Experts say weapons, changing attitudes lead to officer-involved shootings

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The GBI said the suspect was in critical condition.

In a year that has already seen too many officer-involved shootings, during a six-hour period Tuesday three more people in metro Atlanta were shot by police — two of them are dead.

In Forsyth County, deputies shot and killed a 65-year-old man armed with a handgun. In Atlanta, police shot a man who allegedly attempted to hit the officer with his car. And in DeKalb County, officers shot and killed a man accused of firing shots after a standoff.

Between 4 p.m. and 10 p.m. Tuesday, the Georgia Bureau of Investigation was asked to investigate the three shootings. They bring the total to 47 officer-involved shootings the GBI is investigating this year. At this rate, the agency is on pace to match the 97 officer-involved shooting investigations from 2017.

Police shootings have increased across the country so far this year, according to The Washington Post, which maintains a database of police shootings nationwide. So far this year, 491 people were shot and killed by police, an increase of 24 over this time last year, according to the database.

Veteran law enforcement officers say it’s due to the amount of weapons available and changing attitudes toward police, but each case requires a thorough investigation to determine whether the use of force was necessary.

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A GBI investigator speaks with Hall County sheriff's deputies on the scene of a deadly deputy-involved shooting Thursday morning. JOHN SPINK / JSPINK@AJC.COM

A GBI investigator speaks with Hall County sheriff's deputies on the scene of a deadly deputy-involved shooting Thursday morning. JOHN SPINK / JSPINK@AJC.COM

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A GBI investigator speaks with Hall County sheriff's deputies on the scene of a deadly deputy-involved shooting Thursday morning. JOHN SPINK / JSPINK@AJC.COM

“Society has changed,” Frank V. Rotondo, executive director for the Georgia Association for Chiefs of Police, said Wednesday. “And the respect for law enforcement and public service has changed. And we’ve given them a lot of reason to feel this way.”

Rotondo, who began his law enforcement career in 1969, said there were times as a young officer that he didn’t use force when he should have, and he’s fortunate he survived.

“But the weapons at the time were generally handguns, single-shot revolvers,” he said. “Now we’re dealing with automatic weapons and a different type of criminal.”

Often, the officer shootings occur in more dense areas and higher crime areas, Rotondo said. But they also happen in suburban areas too, such as the recent shooting near Cumming.

Shortly before 10 p.m. Tuesday, a woman called 911 to report a domestic fight at a home on Carbonne Court near Cumming, according to the GBI.

Deputies determined the woman and a man in the home, Charles Spillers, had been in a physical fight, the GBI said.

“As officers entered the residence, deputies encountered Spillers brandishing a gun, the GBI said in an emailed statement. An officer fired at Spillers, striking him multiple times. Spillers, 65, died at the scene.

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A second officer-involved shooting happened just minutes later and about 50 miles away: A man was killed after a one-hour standoff with DeKalb County police at a Stone Mountain apartment complex, according to police. The man allegedly broke into an apartment at The Reserve at Stone Creek on South Hairston Road, held a woman against her will and barricaded himself inside one of the apartments. When police used tear gas to flush him out, he allegedly came out shooting. Officers returned fire, killing 20-year-old Jonathan Buckley.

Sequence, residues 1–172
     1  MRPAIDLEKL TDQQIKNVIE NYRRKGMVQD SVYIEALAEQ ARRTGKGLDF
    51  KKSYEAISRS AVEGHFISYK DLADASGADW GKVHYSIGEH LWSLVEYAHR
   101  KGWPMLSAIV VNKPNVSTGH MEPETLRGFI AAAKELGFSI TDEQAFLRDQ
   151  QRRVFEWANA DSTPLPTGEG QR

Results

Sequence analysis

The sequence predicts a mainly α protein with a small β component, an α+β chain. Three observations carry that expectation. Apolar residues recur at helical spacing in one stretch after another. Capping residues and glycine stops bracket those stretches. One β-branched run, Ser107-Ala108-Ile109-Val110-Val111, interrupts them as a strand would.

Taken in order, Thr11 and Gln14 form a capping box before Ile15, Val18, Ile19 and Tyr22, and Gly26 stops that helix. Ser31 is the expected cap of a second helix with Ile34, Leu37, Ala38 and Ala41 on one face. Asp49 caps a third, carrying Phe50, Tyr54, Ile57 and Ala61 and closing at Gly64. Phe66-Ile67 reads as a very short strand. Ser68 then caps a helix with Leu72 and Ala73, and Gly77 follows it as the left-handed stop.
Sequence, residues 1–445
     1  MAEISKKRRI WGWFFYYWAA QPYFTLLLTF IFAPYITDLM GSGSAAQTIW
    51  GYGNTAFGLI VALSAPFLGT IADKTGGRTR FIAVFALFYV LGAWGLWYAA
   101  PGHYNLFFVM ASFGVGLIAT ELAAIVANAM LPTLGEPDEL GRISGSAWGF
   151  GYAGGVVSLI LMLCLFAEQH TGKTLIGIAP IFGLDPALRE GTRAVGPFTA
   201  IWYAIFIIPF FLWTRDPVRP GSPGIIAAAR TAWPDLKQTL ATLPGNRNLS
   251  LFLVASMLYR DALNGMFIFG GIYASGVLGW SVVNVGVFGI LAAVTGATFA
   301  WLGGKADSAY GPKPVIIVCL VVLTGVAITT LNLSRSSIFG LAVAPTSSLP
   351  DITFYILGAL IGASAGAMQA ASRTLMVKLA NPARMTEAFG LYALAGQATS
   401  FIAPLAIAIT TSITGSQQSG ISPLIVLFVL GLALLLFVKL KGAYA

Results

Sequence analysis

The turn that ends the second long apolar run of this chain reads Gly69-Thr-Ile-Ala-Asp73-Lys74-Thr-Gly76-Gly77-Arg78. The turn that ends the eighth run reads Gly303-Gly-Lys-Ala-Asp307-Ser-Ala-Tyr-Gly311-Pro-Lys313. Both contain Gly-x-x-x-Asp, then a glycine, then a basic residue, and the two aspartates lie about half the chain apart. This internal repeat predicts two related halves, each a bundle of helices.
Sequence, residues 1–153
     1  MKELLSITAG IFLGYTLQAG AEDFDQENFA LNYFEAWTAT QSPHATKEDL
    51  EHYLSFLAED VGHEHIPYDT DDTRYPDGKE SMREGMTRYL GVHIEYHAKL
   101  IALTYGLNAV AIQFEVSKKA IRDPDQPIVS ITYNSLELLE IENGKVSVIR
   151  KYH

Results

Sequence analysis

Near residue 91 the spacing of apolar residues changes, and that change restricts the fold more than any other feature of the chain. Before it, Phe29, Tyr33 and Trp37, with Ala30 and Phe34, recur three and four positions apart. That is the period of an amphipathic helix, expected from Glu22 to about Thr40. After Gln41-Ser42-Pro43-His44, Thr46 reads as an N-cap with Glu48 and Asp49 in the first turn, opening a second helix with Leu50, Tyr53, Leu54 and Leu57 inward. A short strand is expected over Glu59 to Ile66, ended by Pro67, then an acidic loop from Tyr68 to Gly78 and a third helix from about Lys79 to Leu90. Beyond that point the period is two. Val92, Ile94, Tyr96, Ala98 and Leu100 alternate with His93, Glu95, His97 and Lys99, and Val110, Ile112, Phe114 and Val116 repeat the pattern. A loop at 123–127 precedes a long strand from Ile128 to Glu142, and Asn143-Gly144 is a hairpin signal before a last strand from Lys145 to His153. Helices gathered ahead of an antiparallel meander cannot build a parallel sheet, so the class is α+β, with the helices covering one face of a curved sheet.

Earlier Tuesday, shots were fired on Old Hapeville Road when an Atlanta police officer attempted to stop a car reported stolen in a carjacking, investigators said. The driver aimed his vehicle toward the officer, and the officer shot him, according to the GBI. The man, identified by the GBI as Nicholas White, 23, was taken to Grady Memorial Hospital in critical condition.

The GBI is investigating all three cases and will forward its findings to the respective district attorneys, which is protocol, according to an agency spokeswoman. The GBI usually accepts all requests to investigate officer-involved shootings that cause serious injuries or death, spokeswoman Nelly Miles said. Officer-involved shooting investigations are a priority for the department, she said, and agents interview the officers involved while looking at all of the evidence, including any video footage.

“When an officer does something intentionally wrong, then their heads should come off,” Rotondo said, adding, “There are going to be times when an officer makes a mistake.”

Veteran law enforcement officer Dan Libby, who retired as a chief deputy of a Florida sheriff’s office, now lives in Ellijay and continues to train officers. He said it’s hard to understand why the shootings come in bunches, like the recent three in metro Atlanta.

“It’s just the luck of the draw,” Libby said. “Police officers can go years without drawing their guns and then all hell breaks loose.”

It’s often a split-second decision an officer makes to determine if force is necessary, and each case has its own set of unique circumstances. Careful review of each instance where an officer fires his weapon should be part of law enforcement’s process of checks and balances, making sure protocol is followed.

“The bottom line is I’ve seen bad shootings, but I’ve seen a lot more justified shootings,” Libby said.